Southern Cross Region

This is a wide field view of the Southern Cross area. On the left is the two pointers (Rigel Kentaurus and Hadar) , the Southern Cross (Crux) & the Coal Sack in the centre and Carina on the right. The pink nebula on the right is the Eta Carina Nebula. It is 9000 light years away and is a likely candidate for an outburst any time soon. It’s last large outburst was in 1841. In 1999 it doubled in brightness and in 2007 it was a naked eye star.   It’s current magnitude is about 4.6. Watch this space….

The fuzzy ball on the top left is the Omega Centauri globular cluster, very likely the home of a black hole in it’s centre. This cluster contains millions of stars and is 15,800 light years from earth and is the apparent diameter of the full moon. It is easily visible in binoculars (10×50). Look at the Astronomy Picture of the Day for a great photo of Omega Centauri.

Southern Cross Region 1s

Photo taken last night with Canon 600D, Tokina 11-16mm at 14mm, f/2.8, ISO1600. Nine light frames of 20 seconds each stacked with Deep Sky Stacker and a little processing with IRIS and PS CS2. I cropped the image quite a bit.

Next time I will make the exposures shorter (~ 8 seconds) and take many more (~50). The camera is static on a tripod and 20 seconds are just starting to show oval stars. The final image will probably be much sharper with shorter exposures. It should also get rid of the overexposed bright stars.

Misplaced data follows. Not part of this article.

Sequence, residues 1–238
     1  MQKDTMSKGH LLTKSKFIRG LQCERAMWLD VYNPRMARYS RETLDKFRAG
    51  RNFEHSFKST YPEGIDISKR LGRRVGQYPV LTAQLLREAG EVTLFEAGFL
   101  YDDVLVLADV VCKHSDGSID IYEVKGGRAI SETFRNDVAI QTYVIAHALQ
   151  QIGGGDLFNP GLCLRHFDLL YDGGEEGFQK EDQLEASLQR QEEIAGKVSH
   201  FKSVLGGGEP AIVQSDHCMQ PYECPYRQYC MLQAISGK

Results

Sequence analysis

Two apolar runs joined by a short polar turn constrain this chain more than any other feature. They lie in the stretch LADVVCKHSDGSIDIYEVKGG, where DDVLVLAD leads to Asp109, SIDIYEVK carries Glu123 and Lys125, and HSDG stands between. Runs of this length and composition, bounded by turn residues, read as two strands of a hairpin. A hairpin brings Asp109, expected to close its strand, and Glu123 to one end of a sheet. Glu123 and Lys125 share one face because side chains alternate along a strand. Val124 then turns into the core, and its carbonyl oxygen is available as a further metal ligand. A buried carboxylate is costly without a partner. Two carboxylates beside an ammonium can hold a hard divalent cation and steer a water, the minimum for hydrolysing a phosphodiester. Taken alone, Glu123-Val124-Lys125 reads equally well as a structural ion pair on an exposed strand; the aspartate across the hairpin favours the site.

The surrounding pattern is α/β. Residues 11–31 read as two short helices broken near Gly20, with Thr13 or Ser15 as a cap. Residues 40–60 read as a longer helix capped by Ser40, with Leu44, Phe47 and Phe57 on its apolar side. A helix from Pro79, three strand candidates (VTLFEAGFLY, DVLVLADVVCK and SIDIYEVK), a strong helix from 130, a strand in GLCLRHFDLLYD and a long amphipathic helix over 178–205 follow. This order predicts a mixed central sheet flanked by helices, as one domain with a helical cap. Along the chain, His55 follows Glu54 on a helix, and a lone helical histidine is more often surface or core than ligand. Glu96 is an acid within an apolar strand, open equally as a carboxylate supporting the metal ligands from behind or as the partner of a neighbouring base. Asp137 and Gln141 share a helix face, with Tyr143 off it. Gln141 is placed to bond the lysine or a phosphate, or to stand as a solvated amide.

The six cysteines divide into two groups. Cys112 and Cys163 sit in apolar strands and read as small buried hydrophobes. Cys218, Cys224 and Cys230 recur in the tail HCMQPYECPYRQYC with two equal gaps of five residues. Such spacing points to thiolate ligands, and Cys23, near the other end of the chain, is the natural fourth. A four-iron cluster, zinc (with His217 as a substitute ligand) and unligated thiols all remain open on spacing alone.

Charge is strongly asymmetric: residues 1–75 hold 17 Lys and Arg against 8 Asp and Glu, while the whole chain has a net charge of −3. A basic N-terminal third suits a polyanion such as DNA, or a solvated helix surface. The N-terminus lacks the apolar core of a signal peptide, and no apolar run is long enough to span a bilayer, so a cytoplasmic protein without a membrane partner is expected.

6 thoughts on “Southern Cross Region

  1. Rudi Venter

    Great photo Theo! Looks like the Tokina is producing the goods!
    I have used a Sigma 12-24 for similar images but it is only a f/3.5. I do use ISO up to 6400 so that helps a bit (Canon 5D3) I normally try to take 20+ frames also using Deep Sky stacker.

    Thanks for sharing your photos, I am enjoying them!


    1. Theo Post author

      Hi Rudi,
      Thanks. It will be a while before I can compete with you. Your photos are fantastic!
      I am a bit careful with using high ISO as the noise picks up very quickly. The higher number of frames will get of some of the noise but if I dont need the high ISO I stay with 800 or 1600. Its the great trade off between light, star trials and noise. We want short exposures where the starts are nice and round while having low noise and enough light. I guess its this challenge that makes one come back to do it all over again the next night. If it was too easy, I would become bored quicky.

  2. Rudi Venter

    Hi Theo,

    Thanks for the compliment!

    I agree, if you can stay away from high ISO it is better, as a matter of interest, are you also using dark frames? I found that helped a lot as well, even when done “in camera” but best when used along with the stacking software. I wish I was in a place with less light pollution, most of the astro photos I have taken were taken in Namibia while on safari. It is true, if it is too easy it soon becomes boring!
    Keep well,

    1. Theo Post author


      I usually take at least 3 dark frames and a few bias frames as well when its an astronomy image. I dont bother for sunset and daytime landscapes. I still have to try out flats.

      I have heard someone say that you should use the light pollution rather than try and avoid it. It is good to use light pollution to light up a tree or something else in the foreground of a long exposure.


  3. Rudi Venter


    Thanks for the reply, yes, dark frames help a lot with astronomy images. I used to take 3 or more images for landscapes if the contrast was high and combine them into a “almost hdr” but these days I find a single RAW image and LR4 works just as well if not better. We have come a long way with our DSLRs!

    Interesting idea to use the light pollution, I can see that it can help to create some interesting images, must give it a try!


  4. Pingback: The Brightest Star In The Southern Cross | David Reneke | Space and Astronomy News

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